To Print On Linen. Make a salting solution of two grains of chloride of ammonium to every ounce of water. Make a sizing solution of
Soak the glue in hot water until it is dissolved, and then apply the solution to the part to be printed upon. "When dry, apply the silver solution with a tuft of cotton, shielding the unsized portions of the linen. Fume when dry, and print in the usual way, or in the handkerchief printing-frame. Tone in your usual toning solutition, fix, and wash well, using hot water for the final washing. - George W. Wallace.
Printing on Silk. - Pour 20 ounces of boiling water on 100 grains of chloride of ammonium and 60 grains of Iceland moss. When nearly cold, filter, and immerse the silk in it for fifteen minutes. To sensitize, immerse the silk in a twenty-grain solution of nitrate of silver for sixteen minutes. Let the nitrate bath be rather acid. When dry, prepare for printing by attaching the silk to a piece of card-board a little smaller than itself, by turning the edges over and fastening with small bits of gummed paper; slightly over-print. Wash in two or three changes of water, and tone in a gold bath, thus:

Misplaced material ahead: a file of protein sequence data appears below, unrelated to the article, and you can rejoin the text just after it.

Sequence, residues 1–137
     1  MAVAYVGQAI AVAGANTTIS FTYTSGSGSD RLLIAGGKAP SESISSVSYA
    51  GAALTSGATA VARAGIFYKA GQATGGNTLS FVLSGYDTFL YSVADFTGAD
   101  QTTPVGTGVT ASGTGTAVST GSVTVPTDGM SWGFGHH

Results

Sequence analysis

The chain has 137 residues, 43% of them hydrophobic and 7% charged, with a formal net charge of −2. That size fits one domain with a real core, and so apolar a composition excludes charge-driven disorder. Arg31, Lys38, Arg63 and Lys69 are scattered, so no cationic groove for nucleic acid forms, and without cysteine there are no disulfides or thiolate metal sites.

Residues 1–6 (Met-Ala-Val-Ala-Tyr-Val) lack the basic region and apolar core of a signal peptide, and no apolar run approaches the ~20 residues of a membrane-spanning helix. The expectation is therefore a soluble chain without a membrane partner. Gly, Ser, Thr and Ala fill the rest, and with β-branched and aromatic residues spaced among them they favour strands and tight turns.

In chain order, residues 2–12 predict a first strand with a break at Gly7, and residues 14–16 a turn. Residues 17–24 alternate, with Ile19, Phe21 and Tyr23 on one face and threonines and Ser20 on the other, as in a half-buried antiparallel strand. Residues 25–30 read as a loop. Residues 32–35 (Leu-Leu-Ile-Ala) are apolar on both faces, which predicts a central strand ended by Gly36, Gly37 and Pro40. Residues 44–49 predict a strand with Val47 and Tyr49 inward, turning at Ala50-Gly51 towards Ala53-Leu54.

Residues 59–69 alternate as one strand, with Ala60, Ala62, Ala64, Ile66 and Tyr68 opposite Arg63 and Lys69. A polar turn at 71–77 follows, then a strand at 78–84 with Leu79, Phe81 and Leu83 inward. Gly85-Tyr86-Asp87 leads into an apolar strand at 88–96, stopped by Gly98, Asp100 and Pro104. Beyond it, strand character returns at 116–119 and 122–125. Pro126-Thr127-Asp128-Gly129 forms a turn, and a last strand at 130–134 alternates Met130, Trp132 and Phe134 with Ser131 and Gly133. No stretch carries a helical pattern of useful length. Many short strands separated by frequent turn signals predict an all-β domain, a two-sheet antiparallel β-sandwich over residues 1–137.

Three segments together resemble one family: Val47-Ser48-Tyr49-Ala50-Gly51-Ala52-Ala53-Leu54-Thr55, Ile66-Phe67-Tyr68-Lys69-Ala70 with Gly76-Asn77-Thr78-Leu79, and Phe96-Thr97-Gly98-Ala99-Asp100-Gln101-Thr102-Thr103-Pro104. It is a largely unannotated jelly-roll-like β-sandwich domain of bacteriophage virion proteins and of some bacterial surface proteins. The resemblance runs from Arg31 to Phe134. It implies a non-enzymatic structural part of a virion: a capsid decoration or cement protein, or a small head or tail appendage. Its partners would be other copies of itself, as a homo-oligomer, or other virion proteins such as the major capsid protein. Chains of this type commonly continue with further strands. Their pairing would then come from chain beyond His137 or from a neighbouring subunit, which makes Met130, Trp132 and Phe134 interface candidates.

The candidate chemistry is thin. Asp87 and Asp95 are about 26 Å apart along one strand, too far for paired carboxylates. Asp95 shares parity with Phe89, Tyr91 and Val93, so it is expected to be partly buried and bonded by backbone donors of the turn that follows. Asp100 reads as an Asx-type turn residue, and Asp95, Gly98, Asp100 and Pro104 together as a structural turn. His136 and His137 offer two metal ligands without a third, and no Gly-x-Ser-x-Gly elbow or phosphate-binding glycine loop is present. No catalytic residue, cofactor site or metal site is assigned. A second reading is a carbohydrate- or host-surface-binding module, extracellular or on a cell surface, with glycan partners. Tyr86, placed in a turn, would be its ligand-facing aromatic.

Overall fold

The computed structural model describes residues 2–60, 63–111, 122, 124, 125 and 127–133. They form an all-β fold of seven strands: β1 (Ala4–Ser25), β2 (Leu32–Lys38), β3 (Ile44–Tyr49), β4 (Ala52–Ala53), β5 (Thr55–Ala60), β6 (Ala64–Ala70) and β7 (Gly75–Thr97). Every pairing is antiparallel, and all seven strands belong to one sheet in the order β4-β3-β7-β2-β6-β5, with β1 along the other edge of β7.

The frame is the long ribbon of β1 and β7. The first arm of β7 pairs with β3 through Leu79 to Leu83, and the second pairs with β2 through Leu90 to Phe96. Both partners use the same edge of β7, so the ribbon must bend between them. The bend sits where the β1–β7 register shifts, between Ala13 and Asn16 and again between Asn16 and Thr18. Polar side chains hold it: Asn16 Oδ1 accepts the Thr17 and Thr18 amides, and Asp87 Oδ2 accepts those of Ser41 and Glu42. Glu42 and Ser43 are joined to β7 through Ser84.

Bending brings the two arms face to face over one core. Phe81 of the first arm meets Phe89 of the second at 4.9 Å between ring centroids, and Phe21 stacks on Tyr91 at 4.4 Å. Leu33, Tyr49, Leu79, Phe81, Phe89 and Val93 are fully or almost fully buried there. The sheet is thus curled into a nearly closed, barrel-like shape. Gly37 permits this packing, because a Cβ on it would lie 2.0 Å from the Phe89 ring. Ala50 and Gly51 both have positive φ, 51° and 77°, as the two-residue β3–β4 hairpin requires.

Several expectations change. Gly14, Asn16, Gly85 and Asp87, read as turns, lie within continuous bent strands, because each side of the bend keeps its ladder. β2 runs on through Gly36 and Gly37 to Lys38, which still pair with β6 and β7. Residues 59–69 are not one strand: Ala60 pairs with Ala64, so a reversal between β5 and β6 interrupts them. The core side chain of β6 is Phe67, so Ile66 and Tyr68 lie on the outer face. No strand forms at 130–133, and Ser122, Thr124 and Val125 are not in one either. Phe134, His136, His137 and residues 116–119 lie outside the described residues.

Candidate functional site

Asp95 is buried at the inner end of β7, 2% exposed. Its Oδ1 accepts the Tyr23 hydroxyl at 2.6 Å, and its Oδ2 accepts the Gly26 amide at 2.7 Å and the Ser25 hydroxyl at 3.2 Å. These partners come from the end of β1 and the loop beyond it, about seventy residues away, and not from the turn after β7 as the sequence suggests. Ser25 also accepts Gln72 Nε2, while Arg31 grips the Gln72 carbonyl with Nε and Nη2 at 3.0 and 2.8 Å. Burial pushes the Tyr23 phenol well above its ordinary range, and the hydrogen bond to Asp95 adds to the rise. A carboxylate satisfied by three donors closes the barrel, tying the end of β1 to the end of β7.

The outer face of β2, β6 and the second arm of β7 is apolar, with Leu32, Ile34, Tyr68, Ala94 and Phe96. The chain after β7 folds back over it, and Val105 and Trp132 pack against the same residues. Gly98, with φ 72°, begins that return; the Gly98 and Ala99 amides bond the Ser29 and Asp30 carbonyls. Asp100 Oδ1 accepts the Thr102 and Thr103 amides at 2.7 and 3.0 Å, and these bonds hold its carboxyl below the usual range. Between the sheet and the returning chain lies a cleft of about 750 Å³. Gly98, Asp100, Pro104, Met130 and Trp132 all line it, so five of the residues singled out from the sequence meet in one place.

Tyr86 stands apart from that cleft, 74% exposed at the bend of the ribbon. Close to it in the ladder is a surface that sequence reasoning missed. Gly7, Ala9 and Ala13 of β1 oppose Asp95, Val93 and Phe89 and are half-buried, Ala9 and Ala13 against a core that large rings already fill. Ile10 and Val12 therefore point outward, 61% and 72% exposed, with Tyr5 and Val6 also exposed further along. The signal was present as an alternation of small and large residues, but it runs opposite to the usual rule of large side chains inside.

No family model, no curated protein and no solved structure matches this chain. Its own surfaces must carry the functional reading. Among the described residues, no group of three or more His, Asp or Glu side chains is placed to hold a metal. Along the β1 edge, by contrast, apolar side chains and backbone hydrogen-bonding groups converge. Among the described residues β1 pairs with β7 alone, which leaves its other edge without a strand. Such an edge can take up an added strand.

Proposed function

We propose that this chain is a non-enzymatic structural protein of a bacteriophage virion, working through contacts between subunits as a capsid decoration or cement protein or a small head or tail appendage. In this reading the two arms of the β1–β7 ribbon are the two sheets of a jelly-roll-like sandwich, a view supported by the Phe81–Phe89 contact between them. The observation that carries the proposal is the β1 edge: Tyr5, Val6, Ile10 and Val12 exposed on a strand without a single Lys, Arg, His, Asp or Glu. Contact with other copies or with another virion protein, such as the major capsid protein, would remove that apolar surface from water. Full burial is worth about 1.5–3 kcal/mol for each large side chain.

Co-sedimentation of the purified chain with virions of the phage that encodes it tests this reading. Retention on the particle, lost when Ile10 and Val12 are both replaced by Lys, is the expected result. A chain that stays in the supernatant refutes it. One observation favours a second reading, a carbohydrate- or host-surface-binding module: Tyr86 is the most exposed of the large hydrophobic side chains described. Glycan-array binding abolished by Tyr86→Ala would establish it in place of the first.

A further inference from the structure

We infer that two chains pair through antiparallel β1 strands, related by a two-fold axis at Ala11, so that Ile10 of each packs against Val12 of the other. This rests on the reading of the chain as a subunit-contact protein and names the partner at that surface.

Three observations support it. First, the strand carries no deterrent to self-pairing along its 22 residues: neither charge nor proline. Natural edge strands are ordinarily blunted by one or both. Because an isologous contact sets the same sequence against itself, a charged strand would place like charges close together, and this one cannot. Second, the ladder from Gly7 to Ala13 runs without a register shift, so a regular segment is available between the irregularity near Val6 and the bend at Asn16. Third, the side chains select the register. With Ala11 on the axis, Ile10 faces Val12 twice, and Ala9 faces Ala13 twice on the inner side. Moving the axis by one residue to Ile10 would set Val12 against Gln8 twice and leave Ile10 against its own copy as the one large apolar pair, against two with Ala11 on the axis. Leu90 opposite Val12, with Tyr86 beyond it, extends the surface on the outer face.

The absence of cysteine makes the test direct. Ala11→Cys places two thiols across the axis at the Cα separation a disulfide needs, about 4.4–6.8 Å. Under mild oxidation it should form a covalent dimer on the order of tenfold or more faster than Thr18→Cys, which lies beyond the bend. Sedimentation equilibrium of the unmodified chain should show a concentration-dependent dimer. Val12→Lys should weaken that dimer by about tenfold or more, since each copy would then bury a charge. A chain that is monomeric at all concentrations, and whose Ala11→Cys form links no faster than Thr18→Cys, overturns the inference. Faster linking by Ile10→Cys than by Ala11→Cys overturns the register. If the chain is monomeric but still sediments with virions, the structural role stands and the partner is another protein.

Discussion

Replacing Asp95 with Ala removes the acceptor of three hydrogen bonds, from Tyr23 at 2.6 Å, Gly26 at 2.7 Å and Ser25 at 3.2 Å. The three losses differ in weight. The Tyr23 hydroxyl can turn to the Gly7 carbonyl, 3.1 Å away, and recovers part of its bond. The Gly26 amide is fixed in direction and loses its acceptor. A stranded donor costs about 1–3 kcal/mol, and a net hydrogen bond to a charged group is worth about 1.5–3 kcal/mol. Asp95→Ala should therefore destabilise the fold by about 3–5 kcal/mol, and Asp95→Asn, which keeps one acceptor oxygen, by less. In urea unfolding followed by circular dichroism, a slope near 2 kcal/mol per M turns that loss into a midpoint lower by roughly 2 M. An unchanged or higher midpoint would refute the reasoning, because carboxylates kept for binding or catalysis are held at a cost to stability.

Acetate of Soda,.......................
Chloride of Gold,.......................
a few grains.
Filter, and keep for twenty-four hours before using. Let the prints be toned slightly bluer than required to be when finished. Rinse them in water, and fix in a solution of hypo, four ounces to the pint of water. Twenty minutes is ample time for fixing. Wash well. - T. C. Phillips.